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Age-related Macular Degeneration Research

Contact: Amanda White

 

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“AMD is the principal cause of irreversible, registered legal blindness on three continents. While this animal model is not an exact replica of the human condition, it gives us a method to study how and why humans develop AMD and provides a platform on which to develop and validate new therapeutic strategies.”

-- Jayakrishna Ambati, M.D., assistant professor of ophthalmology,
director of ophthalmic research, UK College of Medicine

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LEXINGTON, Ky. (Oct. 20, 2003) -- Jayakrishna Ambati, M.D., assistant professor of ophthalmology and director of ophthalmic research, University of Kentucky College of Medicine, will report in the November issue of Nature Medicine a discovery in age-related macular degeneration (AMD). Ambati and colleagues have discovered the first animal model of AMD that is quite similar to key elements of AMD in humans.

“AMD is the principal cause of irreversible, registered legal blindness on three continents,” Ambati said. “While this animal model is not an exact replica of the human condition, it gives us a method to study how and why humans develop AMD and provides a platform on which to develop and validate new therapeutic strategies.”

Ambati’s AMD animal model closely resembles the anatomical appearance, biochemical composition, and functional disruption of AMD in humans.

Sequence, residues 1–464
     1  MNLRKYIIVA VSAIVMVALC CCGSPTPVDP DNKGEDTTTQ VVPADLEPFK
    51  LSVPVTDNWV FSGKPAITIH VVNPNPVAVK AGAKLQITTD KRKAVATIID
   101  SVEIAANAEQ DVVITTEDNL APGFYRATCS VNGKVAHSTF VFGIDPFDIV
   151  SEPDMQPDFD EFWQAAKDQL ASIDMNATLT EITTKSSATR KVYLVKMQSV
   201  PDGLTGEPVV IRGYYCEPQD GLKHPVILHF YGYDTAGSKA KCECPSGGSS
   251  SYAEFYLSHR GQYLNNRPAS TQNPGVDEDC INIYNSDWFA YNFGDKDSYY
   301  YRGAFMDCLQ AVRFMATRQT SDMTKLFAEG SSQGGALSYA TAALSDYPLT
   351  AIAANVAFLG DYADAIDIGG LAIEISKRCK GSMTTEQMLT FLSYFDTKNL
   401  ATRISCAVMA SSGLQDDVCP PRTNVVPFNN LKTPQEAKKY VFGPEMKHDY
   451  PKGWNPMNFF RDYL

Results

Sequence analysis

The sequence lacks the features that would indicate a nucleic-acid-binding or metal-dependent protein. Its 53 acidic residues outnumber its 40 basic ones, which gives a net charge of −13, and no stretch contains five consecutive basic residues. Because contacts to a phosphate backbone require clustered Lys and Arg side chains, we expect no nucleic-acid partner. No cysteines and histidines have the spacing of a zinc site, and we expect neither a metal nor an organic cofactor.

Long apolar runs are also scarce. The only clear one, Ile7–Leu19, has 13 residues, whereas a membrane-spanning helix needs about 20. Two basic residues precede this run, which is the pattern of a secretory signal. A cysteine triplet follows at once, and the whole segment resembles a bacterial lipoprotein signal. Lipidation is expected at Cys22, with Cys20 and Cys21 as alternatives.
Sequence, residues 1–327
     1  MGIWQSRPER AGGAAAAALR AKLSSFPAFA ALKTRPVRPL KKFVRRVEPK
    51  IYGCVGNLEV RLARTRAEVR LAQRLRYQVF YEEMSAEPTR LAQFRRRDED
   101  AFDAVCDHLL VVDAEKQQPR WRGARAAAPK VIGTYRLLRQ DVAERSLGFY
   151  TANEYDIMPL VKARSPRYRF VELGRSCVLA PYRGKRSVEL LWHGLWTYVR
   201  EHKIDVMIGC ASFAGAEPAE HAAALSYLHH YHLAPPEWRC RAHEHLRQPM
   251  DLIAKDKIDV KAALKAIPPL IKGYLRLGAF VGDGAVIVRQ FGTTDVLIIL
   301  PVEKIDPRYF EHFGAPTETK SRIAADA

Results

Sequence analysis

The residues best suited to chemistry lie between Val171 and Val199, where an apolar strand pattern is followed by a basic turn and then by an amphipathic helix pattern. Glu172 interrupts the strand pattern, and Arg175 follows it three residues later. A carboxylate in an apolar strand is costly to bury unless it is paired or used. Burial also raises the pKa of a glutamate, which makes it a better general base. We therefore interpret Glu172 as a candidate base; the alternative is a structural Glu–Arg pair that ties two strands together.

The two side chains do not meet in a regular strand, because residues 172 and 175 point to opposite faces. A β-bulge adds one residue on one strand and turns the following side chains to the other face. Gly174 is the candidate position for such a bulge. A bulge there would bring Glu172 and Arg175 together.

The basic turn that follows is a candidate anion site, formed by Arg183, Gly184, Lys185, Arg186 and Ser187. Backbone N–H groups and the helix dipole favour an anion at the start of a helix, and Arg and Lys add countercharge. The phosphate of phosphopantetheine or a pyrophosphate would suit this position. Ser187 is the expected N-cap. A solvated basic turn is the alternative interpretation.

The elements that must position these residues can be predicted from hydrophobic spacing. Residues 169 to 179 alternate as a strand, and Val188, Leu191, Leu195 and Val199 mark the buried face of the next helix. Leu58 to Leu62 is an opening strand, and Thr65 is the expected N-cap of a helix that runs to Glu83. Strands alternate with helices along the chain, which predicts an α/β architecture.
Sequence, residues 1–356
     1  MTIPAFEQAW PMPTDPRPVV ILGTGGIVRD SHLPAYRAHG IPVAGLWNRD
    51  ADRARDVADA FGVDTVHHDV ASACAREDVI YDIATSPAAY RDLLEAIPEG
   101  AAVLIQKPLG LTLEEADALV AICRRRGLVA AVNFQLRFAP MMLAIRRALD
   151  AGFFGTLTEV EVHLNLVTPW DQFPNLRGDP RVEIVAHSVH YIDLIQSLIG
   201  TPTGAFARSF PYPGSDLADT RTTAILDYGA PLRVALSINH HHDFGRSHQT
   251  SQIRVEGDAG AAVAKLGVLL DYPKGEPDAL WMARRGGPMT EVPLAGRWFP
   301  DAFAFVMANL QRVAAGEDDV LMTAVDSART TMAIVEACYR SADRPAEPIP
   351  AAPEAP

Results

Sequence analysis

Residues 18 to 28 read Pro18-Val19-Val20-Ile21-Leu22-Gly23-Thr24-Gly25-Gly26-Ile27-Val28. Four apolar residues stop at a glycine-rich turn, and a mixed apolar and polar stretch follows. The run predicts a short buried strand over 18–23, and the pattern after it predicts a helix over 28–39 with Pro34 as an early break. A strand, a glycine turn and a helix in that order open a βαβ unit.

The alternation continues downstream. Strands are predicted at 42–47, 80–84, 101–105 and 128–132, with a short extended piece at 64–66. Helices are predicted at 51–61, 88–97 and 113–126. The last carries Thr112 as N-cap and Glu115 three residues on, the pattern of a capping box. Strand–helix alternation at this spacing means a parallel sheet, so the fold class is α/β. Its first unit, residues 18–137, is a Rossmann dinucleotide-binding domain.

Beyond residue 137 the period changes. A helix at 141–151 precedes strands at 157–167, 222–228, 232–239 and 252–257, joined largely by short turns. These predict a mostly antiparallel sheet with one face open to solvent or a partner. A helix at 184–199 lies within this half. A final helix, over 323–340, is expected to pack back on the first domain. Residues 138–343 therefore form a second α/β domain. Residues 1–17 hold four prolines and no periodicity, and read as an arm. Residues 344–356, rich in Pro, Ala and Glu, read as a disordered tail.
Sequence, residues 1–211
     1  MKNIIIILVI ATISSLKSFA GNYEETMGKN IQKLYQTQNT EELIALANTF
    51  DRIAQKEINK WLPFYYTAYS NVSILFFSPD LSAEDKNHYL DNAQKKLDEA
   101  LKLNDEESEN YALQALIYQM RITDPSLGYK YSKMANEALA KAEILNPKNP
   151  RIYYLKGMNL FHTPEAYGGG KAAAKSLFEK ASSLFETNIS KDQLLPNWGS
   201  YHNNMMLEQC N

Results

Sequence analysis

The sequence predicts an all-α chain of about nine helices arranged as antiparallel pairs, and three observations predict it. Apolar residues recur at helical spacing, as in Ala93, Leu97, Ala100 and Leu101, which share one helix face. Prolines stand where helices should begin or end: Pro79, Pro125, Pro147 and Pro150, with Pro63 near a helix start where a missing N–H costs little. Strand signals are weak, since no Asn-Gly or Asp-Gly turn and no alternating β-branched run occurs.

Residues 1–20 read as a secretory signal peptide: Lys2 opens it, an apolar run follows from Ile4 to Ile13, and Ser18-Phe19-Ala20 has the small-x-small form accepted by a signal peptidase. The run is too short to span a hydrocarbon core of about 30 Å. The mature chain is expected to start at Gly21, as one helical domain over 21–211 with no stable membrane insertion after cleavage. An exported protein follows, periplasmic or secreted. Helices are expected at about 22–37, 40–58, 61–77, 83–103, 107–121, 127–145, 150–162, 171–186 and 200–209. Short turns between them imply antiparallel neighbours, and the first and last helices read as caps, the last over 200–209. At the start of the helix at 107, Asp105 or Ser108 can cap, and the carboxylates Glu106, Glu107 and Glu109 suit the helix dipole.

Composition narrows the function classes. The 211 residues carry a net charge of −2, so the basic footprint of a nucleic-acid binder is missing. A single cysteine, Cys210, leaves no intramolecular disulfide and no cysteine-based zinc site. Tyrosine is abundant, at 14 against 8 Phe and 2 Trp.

“Existing animal models attempting to simulate AMD through high-fat diets and phototoxicity, senescence acceleration, or candidate gene manipulation do not fully replicate the clinical, histologic and angiographic features of the human condition,” Ambati said.

According to Ambati, features of AMD developed in mice deficient in either monocyte chemoattractant protein-1 (Ccl-2) or its cognate C-C chemolkine receptor 2 (Ccr-2). The animal model presented accumulation of lipofuscin, which is a dark brown naturally occurring pigment found in the retina of aged persons; drusen, which are deposits beneath the retina; and photoreceptor degeneration. All are found in people with AMD. As these mice aged, they also developed choroidal neovascularization (CNV), the devastating growth of abnormal blood vessels beneath the retina that leads to irreversible loss of vision.

Earlier this year, Ambati was awarded a Dennis W. Jahnigen Career Development Scholars Award from the American Geriatric Society, the leading clinical society devoted to the care of older adults.

The Jahnigen Scholars program addresses the urgent need to create a structure for developing leaders in geriatrics in academic surgery and related medical specialties. Each program award provides two-year salary and research support ($200,000) intended to assist young clinical research faculty in initiating or sustaining careers in research and education in the geriatric aspects of their disciplines.


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